Serious scandal two months after the Spanish presidency of the European Union

Pedro Sánchez knew that Spain was buying Russian oil from Morocco and was silent

In the last few hours, a new scandal has broken out involving the leftist government of Pedro Sánchez and the Kingdom of Morocco.

Sánchez increases the purchase of Russian gas while prohibiting its extraction in Spain
Pedro Sánchez, Morocco and Islamism: a relationship that endangers Spain and the EU

A violation of European sanctions on Russia

This Friday, Repsol's executive CEO denounced that Russian oil continues to arrive in Spain despite European sanctions on Russia for its criminal aggression against Ukraine. Some sanctions on Russian oil that came into effect on February 5, almost three months ago. Also on Friday, the newspaper El Mundo revealed that Morocco has started exporting oil to Spain for the first time since 2015, coinciding precisely with the European veto on Russian oil.

The Sánchez government was notified a month ago and did not say anything

It was not necessary to be very smart to realize what could be the origin of this oil that the African country is exporting, since Morocco has not adhered to these sanctions and continues to import Russian oil. It is unthinkable. that the Spanish government, which has the National Intelligence Center (CNI) at its service to keep informed about anything that affects the interests of Spain, did not know the origin of the oil that Morocco was selling us. But in case there was any doubt, yesterday El Mundo revealed that the government of Pedro Sánchez was notified a month ago of the origin of these imports, by various operators in the Spanish oil market.

The Spanish government did not react to those warnings. Only has announced an investigation after to information published by El Mundo. The third vice president and minister of Ecological Transition, the socialist Teresa Ribera, has limited herself to saying that these fuels "come with papers that certify a correct origin", and has added: "At the slightest suspicion, it is appropriate to investigate if these papers are correct and if indeed the products they import are from where they say they are, or if they are from another source and there has been some type of irregularity."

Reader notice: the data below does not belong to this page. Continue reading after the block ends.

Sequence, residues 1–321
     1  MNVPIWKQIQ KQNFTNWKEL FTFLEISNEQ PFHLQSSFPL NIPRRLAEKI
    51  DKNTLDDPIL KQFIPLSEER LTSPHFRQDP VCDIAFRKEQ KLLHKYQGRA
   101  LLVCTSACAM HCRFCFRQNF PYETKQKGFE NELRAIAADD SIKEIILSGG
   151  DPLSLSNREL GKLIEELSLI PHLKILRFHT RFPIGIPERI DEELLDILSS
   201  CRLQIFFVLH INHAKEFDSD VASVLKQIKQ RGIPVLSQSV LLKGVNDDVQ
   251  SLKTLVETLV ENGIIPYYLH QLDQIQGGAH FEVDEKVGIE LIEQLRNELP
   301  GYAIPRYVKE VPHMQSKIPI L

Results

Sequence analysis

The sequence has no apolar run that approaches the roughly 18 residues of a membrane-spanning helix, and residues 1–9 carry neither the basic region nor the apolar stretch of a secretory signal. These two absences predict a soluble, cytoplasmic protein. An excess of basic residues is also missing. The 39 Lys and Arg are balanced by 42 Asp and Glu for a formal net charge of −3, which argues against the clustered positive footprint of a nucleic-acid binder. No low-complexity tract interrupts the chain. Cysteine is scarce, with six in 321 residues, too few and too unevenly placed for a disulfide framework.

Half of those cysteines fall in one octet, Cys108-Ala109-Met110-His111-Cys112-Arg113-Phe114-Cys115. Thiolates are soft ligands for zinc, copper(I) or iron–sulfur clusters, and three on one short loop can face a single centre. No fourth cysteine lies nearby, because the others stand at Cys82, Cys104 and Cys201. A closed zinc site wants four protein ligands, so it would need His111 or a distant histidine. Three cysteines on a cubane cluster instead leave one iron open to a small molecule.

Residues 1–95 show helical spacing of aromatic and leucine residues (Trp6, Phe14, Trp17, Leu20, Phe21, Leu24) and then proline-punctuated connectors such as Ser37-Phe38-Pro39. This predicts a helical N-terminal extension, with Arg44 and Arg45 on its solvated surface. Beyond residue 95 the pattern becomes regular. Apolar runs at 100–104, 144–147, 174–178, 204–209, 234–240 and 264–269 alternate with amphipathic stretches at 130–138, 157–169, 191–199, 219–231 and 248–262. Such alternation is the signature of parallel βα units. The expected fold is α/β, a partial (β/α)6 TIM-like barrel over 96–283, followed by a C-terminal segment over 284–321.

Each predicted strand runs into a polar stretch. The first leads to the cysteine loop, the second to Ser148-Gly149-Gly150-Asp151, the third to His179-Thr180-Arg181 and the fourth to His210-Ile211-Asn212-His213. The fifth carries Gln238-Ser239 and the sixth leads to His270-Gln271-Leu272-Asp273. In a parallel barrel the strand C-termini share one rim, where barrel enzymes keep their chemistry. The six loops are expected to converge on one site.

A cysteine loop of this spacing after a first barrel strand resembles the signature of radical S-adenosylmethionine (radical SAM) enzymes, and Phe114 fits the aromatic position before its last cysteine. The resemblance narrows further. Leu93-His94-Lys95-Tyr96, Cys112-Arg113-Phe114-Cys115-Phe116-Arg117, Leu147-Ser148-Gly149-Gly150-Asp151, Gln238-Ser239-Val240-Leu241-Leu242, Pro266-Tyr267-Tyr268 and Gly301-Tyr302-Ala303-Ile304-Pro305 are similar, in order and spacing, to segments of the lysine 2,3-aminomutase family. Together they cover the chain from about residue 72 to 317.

The suspicion of a Moroccan blackmail that weighs on Sánchez

The question that must be asked now is: if what is already obvious is confirmed, will the Spanish government do anything to demand explanations from Morocco? Pedro Sánchez has been cast under the shadow of suspicion for some time after his 180º turn over the Sahara shortly after his mobile was spied on, extracting a lot of information from him. A fact that Vox has linked to Sánchez's assignments against Morocco. These are not exaggerated suspicions if we take into account that a month ago, the European investigation into that case considered it "plausible" that Morocco had spied on Sánchez.

The submission of the Spanish socialists to Morocco was already evident in January, when PSOE MEPs distanced themselves from the European socialists to vote in defense of Morocco in the face of a European resolution condemning the repression against journalists by the Moroccan regime. It is hard to believe that the Spanish government is now going to show its firmness before Morocco after ten months allowing itself to be humiliated by that country, in an unworthy and inexplicable way if not through the mediation of possible blackmail.

Sánchez hid this scandal from Congress on April 19

On the other hand, Morocco's trap with Russian oil is very reminiscent of increase in Russian gas purchases by the Spanish government despite European sanctions against Russia, and while Sánchez prohibits extract gas in Spain, something that is even more scandalous. Some purchases about which Sánchez has not given any explanation, in the same way that he remained silent about the origin of Moroccan oil when appeared on April 19 in Congress to talk about Morocco, an intervention in the one who ignored his 180º turn over the Sahara and didn't say a word about the Russian oil that he already knew Morocco was exporting to Spain.

A government that breaks records in lack of transparency

Since he came to power, Pedro Sánchez has been breaking records for lack of transparency when governing, refusing to provide information that the law obliges him to provide, declaring personal matters secret so as not to have to give explanations about them and dedicating control sessions to government in Congress to attack the opposition instead of being held accountable.

This new scandal puts Sánchez in the EU's crosshairs for violating its sanctions against Russia, and it does so just over two months after Spain assumes the presidency of the Council of the European Union. A presidency that will be tarnished by the authoritarianism, opacity and corruption of a government that despises democratic standards, something not unusual if we take into account that the communist faction of the executive, whose radicalism has joined Sánchez, has as references dictatorships such as Cuba and Venezuela.

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